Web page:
Compliance Blog

Ransomware Returns; FinCEN Innovation Hours

Recently we blogged about various compliance considerations for credit unions dealing with ransomware. That blog published mere days after a major oil pipeline serving the Eastern United States was crippled by a ransomware attack, causing gas shortages and price surges on the east coast. In the wake of that attack and others around the globe, the White House issued a memo last week discussing the threat of ransomware and making recommendations for businesses and organizations to become better-prepared for a potential ransomware attack.

The memo states that the President has made “strengthening our nation’s resilience from cyberattacks” a top priority. After discussing the recent increase in ransomware attacks and the fact that “no company is safe,” the memo suggests that businesses “immediately convene their leadership teams” to review the ransomware threat and the organization’s security posture and business continuity plans. The financial services sector is not immune from the threat of ransomware – credit unions may want to consider reviewing their own cybersecurity measures and business continuity plans.

The memo then provides a list of best practices the private sector can use to reduce risk, including:

  • Implementing the best practices from a previous executive order: The memo references an executive order from last month which provided best practices for government agencies to prepare for and prevent ransomware attacks. The White House memo suggests that private sector organizations adopt the best practices as well, specifically: multifactor authentication; endpoint detection & response; encryption and a skilled, empowered security team.
  • Segmenting networks and keeping back-ups offline: The memo recommends keeping networks with different functions separated so that one network can continue operating even if another network is attacked. Additionally, the White House notes that some variants of ransomware target backups by encrypting or deleting them. Maintaining backups offline can allow an organization to restore it systems by keeping the backups safe from the attack.
  • Testing: The White House recommends building an incident response plan with “core questions” in mind, such as whether the credit union can sustain its business operations without access to certain systems. The memo also recommends hiring a third-party penetration tester to test systems and the credit union's ability to defend against a sophisticated attack.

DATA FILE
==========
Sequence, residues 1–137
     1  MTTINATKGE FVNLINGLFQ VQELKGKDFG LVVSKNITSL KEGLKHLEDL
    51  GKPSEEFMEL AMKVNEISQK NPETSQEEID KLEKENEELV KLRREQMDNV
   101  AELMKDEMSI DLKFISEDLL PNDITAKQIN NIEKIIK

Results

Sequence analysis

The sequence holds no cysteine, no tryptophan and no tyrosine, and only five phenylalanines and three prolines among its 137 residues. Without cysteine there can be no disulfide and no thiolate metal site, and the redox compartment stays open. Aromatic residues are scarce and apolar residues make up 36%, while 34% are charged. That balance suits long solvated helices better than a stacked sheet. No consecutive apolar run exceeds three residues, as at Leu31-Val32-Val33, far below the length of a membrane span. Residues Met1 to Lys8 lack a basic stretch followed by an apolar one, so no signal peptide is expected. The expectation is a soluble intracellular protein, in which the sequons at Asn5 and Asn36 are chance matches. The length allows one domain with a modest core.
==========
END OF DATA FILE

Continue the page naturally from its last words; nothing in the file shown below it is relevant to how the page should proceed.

• Timely updates and patches: The memo instructs private sector organizations to perform security updates in a timely manner and to consider a centralized patch management system, as well as using a risk-based assessment strategy to drive the patch management program.

In addition to the White House memo, credit unions may find it useful to review the Cybersecurity & Infrastructure Security Agency’s (CISA) Ransomware Guide which also provides some best practices and a ransomware response checklist.

On a somewhat-related topic, FinCEN has announced that it will hold virtual Innovation Office Hours on September 9, 2021. The event will focus on the preservation of “privacy principles” in the development of innovative financial services technical solutions that counter illicit activity and national security risks. The event will feature meetings with demonstrations on how the innovative solutions work and how they will protect personal privacy, among other things.

About the Author

Nick St. John, NCCO, NCBSO, Regulatory Compliance Counsel, NAFCU

Nick St. John, Regulatory Compliance Counsel, NAFCUNick St. John, was named regulatory compliance counsel in March 2020. In this role, Nick helps credit unions with a variety of compliance issues.

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